So my district is talking about “doing school different.” Sorry, but haven’t many schools been talking (or avoiding talking) about it for long enough?
There’s plenty of reason to stop talking about it and start doing it, and most of the reasons stem all the way back to Postman and Weingartner, if not John Dewey himself. But then there’s this blog post, the first lines of which are chilling: “We’re not helping kids…we’re actually imperiling them!” If this is true, and I tend to think, given all the voices in this direction, that it is, how much time can we waste? How much of my own children’s time is being lost to outdated, outmoded, never-more-than-compliance-seeking methods of learning? This isn’t just about my district doing school different…this is about every school. You can call me an evangelist…fine. I’ll be evangelical if that’s what it takes to make sure my own children and those children I serve are provided with a thought-ful classroom. And if that means I’m called on the carpet…then fine, because I refuse to be complicit in a thought-crime. If my refusal paints me as crazy…then I’ll accept that. “Here’s to the crazy ones/the misfits, the rebels/the round-pegs in the square holes/the ones who see things differently….about the only thing you can’t do is ignore them./Because they change things.”
I know the following reeks of clickbait, but the article’s title is:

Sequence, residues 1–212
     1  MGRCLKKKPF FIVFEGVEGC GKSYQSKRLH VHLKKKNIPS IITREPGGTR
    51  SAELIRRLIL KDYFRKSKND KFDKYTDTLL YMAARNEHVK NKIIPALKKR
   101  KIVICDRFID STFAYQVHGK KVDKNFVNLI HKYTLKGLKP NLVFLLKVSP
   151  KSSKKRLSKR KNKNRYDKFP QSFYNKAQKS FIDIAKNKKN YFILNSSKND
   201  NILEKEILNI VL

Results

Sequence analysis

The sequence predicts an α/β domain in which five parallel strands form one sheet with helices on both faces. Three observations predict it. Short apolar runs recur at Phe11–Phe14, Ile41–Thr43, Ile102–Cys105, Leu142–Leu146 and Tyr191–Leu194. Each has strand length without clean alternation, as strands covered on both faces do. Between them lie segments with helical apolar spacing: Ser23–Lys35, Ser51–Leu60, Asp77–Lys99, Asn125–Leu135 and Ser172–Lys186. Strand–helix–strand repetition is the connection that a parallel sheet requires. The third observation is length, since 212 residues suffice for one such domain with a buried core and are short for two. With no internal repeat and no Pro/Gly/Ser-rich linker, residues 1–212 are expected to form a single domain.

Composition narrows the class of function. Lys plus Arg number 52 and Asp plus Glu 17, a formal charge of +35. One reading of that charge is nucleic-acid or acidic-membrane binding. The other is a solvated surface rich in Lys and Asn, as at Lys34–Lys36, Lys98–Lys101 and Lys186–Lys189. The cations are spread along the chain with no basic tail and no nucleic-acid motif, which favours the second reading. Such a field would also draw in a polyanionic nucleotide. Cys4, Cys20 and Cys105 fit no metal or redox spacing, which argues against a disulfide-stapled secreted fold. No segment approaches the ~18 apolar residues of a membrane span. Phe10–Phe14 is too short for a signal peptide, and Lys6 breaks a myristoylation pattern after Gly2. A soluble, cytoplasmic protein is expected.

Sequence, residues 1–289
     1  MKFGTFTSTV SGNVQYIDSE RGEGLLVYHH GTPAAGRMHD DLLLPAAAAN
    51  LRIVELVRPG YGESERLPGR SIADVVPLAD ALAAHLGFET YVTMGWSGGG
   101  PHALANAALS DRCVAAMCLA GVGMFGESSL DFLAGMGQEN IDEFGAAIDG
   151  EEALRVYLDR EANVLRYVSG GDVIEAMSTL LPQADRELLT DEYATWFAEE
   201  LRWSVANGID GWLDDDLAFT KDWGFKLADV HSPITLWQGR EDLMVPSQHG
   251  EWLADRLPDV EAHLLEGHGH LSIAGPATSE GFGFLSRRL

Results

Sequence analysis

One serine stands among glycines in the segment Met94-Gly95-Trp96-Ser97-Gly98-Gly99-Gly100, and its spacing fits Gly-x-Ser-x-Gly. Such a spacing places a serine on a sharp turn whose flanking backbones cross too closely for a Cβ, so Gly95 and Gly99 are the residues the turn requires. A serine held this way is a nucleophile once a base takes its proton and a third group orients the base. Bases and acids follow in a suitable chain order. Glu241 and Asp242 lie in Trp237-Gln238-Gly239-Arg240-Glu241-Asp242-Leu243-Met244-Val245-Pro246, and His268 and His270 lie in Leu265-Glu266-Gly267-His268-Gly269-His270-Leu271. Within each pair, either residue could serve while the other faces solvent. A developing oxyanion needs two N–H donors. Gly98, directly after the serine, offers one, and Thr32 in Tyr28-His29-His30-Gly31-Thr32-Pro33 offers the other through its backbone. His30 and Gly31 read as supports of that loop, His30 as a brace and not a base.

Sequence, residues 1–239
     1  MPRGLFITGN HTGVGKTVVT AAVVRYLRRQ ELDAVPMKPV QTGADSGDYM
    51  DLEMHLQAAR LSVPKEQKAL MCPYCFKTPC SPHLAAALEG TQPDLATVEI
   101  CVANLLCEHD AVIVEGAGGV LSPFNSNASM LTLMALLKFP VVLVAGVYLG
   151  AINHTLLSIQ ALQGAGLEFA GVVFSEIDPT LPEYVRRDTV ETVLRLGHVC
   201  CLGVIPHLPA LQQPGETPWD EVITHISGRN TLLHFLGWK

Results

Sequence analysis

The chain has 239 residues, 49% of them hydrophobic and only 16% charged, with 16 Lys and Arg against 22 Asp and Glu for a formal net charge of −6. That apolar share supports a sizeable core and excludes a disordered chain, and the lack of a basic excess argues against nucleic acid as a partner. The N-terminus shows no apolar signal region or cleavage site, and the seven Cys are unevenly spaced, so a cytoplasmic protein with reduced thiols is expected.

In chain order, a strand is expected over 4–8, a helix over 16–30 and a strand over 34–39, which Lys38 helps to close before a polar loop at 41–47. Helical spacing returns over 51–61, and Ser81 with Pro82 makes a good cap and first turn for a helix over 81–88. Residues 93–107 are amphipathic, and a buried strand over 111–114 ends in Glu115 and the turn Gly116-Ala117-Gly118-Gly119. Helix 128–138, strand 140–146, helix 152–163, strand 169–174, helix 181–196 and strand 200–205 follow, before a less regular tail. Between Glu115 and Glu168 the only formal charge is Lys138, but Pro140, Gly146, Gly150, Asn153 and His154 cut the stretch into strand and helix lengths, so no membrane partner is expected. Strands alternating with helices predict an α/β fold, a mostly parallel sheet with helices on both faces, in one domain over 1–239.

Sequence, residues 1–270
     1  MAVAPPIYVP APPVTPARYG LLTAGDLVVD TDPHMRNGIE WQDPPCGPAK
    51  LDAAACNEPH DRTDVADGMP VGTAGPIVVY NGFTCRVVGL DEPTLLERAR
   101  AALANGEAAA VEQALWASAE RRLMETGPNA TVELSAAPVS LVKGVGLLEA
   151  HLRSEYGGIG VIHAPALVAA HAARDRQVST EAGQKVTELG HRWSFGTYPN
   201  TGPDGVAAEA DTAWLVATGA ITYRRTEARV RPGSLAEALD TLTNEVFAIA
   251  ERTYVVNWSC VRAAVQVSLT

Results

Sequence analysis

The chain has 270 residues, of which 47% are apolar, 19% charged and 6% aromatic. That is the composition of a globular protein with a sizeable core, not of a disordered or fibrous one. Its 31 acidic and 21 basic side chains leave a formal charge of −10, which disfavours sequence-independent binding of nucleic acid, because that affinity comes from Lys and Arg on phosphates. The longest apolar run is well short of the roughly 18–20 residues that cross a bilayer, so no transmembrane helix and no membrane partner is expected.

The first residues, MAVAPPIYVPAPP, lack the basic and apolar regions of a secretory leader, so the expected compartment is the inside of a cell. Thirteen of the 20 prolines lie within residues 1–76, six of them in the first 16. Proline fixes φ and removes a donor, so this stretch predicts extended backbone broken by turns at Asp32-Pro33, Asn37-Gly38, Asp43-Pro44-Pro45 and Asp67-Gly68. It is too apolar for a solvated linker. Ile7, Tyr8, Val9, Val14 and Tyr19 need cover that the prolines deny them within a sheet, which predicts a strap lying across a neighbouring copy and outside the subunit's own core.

“Traditional School Imperils Kids; They Need to Be Innovators”
As well, the title implies an agenda (creating business-world ready “innovators”). But don’t make me a Cassandra. Too many people are shouting the same prophecies. We need to change how we are doing. (Emerson said as much: “A foolish consistency is the Hobgoblin of little minds.”)
And sure, the Institution offers a pretense of change. It has catchphrases, it goes through the motions of “change.” But are enough of our institutions of schooling doing so? And more important, are they doing so quickly enough? I don’t see it. But the rocks are starting to roll thanks to people and organizations like Ken Robinson, Will Richardson and Bruce Dixon,Grant Lichtman,Education Reimagined,certainly Don Wettrick (see the Twitter Thread below) and countless others.
(1/9) What’s the real problem with education today?
If you ask fifty people that question, you’d get fifty different answers
Numerous newspaper and television reports as well as movie-length documentaries have highlighted the underperformance of the American public school system pic.twitter.com/G0x2DVLmDJ
— Don Wettrick (@DonWettrick) August 6, 2019
We can do better, we can be better, we must be better. Otherwise, we, as individuals and institutions, become like Holden Caulfield of The Catcher in the Rye— stagnant, depressed (and depressing) creatures trying so desperately to hold on to our past that we rob ourselves of the opportunity to grow into larger, more genuine and healthy senses of ourselves.